I was doing travel for work in 2008/2009 and my focus was operating hotel portable. I guess my first highly portable antenna was the Buddistick. The second was the Parr End fed half wave. These factored into a number of hotel setups. Most notable was a trip to Italy and operating as I/N4KGL in Vicenza Italy. The game in hotel ops is seeing what you can get away with as far as stringing the end fed to near by trees or sticking the Buddistick out the window. Eventually I got a visit from hotel management but they gave me a pass.
|Buddistick out the window at Italian hotel|
|Parr End Fed from window to trees at Italian hotel|
|Buddistick from balcony at Tampa hotel|
|Hamstick dipole and military mast from hitch mount.|
|A portable inverted U|
|Military masts with tripod adapter|
In 2011, I finally got into fiberglass crappie fishing poles of up to 20 feet. This opened up possibilities for lightweight portable antennas. I built a SOTA tuner with lets you use thin half wave wires. This works well with the crappie poles.
|Hendricks SOTA Tuner|
|20 foot crappie poles|
|Alexloop on California beach|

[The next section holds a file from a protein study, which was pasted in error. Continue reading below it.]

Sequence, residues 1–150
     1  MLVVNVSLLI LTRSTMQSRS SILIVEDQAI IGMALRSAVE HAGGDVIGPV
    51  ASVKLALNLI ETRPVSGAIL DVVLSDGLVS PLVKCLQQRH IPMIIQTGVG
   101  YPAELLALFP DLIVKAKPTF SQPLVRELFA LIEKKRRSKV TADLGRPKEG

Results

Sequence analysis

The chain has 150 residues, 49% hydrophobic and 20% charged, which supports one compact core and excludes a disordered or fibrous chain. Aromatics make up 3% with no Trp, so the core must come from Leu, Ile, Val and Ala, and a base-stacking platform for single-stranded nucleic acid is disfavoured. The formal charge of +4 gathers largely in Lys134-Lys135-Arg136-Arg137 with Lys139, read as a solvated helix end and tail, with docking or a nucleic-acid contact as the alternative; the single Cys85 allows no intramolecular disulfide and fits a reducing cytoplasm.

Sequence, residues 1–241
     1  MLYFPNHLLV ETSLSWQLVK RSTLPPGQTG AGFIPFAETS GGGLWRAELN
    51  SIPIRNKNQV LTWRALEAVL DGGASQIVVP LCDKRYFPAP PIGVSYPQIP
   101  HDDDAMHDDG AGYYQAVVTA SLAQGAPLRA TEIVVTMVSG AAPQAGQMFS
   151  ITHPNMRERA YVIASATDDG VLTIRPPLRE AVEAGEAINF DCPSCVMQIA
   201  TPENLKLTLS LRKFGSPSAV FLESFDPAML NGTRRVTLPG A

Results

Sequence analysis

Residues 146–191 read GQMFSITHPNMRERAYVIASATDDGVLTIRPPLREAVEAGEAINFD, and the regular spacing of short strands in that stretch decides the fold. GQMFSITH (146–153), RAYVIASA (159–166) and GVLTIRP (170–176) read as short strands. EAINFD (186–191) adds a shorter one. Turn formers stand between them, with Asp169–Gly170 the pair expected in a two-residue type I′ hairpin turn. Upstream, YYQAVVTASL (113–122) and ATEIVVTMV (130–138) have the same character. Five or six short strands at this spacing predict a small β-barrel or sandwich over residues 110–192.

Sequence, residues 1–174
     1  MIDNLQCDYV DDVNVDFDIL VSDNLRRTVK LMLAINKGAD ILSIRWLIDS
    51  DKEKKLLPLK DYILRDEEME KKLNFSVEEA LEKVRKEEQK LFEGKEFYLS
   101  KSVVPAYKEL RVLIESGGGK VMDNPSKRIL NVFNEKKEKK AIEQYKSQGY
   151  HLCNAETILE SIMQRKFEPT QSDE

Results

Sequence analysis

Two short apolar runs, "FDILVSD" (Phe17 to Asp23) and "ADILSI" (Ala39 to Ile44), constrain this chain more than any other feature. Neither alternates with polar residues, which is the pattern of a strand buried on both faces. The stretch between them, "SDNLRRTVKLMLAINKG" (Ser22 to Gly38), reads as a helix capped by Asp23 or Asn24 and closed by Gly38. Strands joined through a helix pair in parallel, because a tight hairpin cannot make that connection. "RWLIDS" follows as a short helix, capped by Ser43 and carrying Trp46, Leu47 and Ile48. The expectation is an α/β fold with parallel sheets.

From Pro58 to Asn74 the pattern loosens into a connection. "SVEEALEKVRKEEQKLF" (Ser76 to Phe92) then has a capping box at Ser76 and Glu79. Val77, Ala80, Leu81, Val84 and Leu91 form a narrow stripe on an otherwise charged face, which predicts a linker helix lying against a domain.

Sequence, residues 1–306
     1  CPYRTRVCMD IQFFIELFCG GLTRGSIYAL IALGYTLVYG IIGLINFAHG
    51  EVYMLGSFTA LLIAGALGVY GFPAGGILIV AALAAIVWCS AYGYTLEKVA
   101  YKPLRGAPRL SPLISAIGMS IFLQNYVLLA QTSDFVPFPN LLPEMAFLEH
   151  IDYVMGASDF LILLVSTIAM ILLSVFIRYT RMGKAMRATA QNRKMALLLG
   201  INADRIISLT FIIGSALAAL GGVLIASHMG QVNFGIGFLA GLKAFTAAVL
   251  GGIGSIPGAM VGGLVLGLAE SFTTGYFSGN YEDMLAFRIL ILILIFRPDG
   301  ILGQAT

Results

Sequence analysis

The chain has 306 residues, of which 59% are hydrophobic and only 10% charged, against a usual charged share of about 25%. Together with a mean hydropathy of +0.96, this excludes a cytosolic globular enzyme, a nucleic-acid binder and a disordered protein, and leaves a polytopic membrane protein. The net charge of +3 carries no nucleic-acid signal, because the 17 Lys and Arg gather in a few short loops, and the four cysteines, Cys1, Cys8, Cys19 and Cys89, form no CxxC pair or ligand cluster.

|Alexloop on table top indoors.|
In 2013, I ordered some 28 gauge ribbon cable. A 100 ft ten conductor roll can spawn many antennas. I built two of the NorCal Doublets one 44 foot long and one 88 foot long. I like the way the ribbon cable folds and I have made long wires and dipoles with two strands of ribbon cable shorted together. Also in 2013, I got the LNR Trail Friendly 40/20/10 End Fed. This antenna is so compact when wound up that it makes it perfect for my backpack or even my pocket.
|88 foot ribbon cable doublet for 40 meter NVIS|
|LNR 40/20/10 Trail Friendly End Fed|
There was a forum thread recently on the best portable antenna. I have to say the best antenna is the one that fits your portable operating situation or backpack. Of all the antennas I have used, none have failed to yield some contacts. I think propagation conditions and the operators wanting to work you are bigger factors. Of course, you can help yourself by various tricks and strategies to make QSOs. I find that if CW is dry switching to SSB can be the ticket.
As for portable antennas, a journey it is and I find it never ending. My wife will tell you, those darn antennas are all over the house.